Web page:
It may seem that the distinction between human and person rights is trivial, but in our own world it has bearing on many important issues, including abortion, treatment of the brain dead, and the rights of cyborgs, robots, and great apes. In True Blood, the distinction becomes even more apparent when one considers shapeshifters and other supernaturals. If it is simply recognized that rights should be extended to the two species vampire and human, then another rights struggle may be required for any other species that reveals itself. On the other hand, if a personhood-based framework of rights was established then recognizing shifter rights should be a natural extension of vampire rights. As it stands though, few focus on person-status, and even amongst shifters when Sam tells Daphne that’s he’s a person, not a challenge for a Maenad, she reminds him “not exactly.”

Of course, the immortal Maenad Maryann and her power over the town is exactly the type of thing we want to discourage. Her power to compel its citizens into orgies that they have no memory of is unbalanced and inequitable, to say the very least, just as is the relationship between the vampire Isabel and the human traitor Hugo. Hugo says that “ I begged her to turn me, it’s the only way we could be together as equals, but see they don’t want us to be equals.” These are rough examples of what can go wrong go when equal access to emerging technologies is not ensured, and they illustrate the kinds of power disparities that can occur when the citizenry is not empowered with access to technology such as life extension.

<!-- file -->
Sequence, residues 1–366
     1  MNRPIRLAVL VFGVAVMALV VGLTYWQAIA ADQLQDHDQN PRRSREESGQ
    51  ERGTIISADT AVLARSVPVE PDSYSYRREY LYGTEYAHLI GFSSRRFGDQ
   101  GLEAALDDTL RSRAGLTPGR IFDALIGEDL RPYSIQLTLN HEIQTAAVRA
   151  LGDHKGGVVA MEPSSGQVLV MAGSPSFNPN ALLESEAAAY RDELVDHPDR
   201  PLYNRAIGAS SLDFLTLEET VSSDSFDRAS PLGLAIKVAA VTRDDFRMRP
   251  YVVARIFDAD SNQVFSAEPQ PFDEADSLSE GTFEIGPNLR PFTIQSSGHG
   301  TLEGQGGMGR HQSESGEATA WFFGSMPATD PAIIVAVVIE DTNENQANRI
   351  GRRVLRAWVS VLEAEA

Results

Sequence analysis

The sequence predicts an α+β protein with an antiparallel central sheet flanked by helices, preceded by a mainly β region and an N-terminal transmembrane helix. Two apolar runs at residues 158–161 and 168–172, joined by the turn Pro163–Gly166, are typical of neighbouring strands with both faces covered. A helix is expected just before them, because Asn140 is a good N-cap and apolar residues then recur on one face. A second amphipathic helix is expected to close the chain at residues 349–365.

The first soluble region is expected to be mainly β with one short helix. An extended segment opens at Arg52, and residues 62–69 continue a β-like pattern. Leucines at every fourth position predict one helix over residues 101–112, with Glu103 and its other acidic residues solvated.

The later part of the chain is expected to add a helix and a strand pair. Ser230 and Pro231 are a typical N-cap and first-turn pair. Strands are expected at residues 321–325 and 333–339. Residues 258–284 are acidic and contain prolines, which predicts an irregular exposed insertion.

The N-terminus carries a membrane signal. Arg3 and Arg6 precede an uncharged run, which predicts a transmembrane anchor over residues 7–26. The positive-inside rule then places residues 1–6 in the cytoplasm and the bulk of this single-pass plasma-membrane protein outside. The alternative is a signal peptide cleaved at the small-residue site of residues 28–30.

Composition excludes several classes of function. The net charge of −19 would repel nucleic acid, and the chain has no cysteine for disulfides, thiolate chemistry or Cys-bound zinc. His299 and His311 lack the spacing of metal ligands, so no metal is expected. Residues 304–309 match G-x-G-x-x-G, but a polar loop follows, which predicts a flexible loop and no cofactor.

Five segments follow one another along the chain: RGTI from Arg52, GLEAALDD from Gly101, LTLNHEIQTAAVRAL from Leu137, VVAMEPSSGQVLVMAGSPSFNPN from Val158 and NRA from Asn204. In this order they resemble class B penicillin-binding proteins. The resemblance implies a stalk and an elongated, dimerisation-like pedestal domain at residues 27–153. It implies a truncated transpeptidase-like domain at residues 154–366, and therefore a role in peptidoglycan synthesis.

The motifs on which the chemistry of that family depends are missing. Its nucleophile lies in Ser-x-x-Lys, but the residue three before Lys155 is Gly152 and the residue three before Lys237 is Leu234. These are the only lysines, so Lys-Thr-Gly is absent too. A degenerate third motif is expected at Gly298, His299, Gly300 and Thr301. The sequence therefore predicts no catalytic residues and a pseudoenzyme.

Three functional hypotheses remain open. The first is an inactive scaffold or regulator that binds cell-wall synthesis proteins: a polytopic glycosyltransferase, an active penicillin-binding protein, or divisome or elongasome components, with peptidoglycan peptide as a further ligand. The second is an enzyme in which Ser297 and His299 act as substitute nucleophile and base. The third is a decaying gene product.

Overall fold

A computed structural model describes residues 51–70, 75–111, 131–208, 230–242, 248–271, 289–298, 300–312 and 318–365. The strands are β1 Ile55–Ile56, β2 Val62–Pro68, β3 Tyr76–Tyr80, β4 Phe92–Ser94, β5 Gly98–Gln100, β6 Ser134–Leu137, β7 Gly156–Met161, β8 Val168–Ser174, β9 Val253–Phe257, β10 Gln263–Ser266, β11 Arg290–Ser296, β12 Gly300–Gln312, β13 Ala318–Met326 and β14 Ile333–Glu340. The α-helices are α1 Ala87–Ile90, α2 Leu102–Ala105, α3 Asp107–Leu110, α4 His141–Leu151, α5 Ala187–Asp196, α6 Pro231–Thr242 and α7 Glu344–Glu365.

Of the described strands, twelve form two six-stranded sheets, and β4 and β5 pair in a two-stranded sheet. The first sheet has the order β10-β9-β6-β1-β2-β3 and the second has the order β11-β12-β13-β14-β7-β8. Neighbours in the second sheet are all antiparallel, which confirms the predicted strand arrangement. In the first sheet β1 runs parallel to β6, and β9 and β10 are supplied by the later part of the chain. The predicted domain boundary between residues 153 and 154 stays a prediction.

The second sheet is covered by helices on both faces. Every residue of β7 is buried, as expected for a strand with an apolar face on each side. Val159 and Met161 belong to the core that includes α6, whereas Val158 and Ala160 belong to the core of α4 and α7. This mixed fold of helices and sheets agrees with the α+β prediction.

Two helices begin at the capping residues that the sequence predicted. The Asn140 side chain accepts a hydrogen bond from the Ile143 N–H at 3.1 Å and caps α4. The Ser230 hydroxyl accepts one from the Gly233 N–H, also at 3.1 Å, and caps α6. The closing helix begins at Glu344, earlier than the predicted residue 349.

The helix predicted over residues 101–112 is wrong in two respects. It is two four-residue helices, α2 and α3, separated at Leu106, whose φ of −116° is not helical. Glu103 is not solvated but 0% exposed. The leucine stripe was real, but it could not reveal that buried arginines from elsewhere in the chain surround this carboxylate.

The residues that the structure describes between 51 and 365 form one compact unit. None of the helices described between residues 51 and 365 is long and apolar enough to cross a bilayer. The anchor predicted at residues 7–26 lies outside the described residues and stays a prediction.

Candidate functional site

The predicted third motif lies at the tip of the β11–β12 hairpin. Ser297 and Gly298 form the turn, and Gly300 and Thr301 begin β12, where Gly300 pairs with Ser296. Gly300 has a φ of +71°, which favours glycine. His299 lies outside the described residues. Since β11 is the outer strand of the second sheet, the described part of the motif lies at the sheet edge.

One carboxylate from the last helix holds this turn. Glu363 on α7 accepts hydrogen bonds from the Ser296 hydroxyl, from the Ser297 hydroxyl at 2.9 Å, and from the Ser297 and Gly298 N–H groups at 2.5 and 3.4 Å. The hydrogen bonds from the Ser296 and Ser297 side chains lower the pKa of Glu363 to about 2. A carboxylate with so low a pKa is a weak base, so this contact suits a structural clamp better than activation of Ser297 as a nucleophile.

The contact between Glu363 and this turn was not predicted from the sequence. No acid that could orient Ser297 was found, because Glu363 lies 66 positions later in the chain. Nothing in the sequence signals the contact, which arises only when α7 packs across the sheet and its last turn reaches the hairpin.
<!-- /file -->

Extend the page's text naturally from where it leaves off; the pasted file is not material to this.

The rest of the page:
A final example of such inequality in True Blood is the flashbacks of Bill and Lorena using their vampiric abilities to prey on humans. Lorena encourages Bill to assist her in the taking of innocent lives, indicating to Bill that one day he too will outgrow traits such as having a conscience. Lorena might be seen as an example of what happens when one loses the traits that are “core” to being human, such as sensitivity, empathy, and conscience. Of course, Fellowship of the Sun member Gabe’s attempt to rape Sookie seems just as cruel as Lorena. In any case, what’s important in transformations are not the humans traits that are lost, but whether the traits that replace them are worse (as is so often imagined in our culture) or if they surpass our current traits.

The Value of Empathy

Empathy is often used as an example of a trait that we would not want to lose with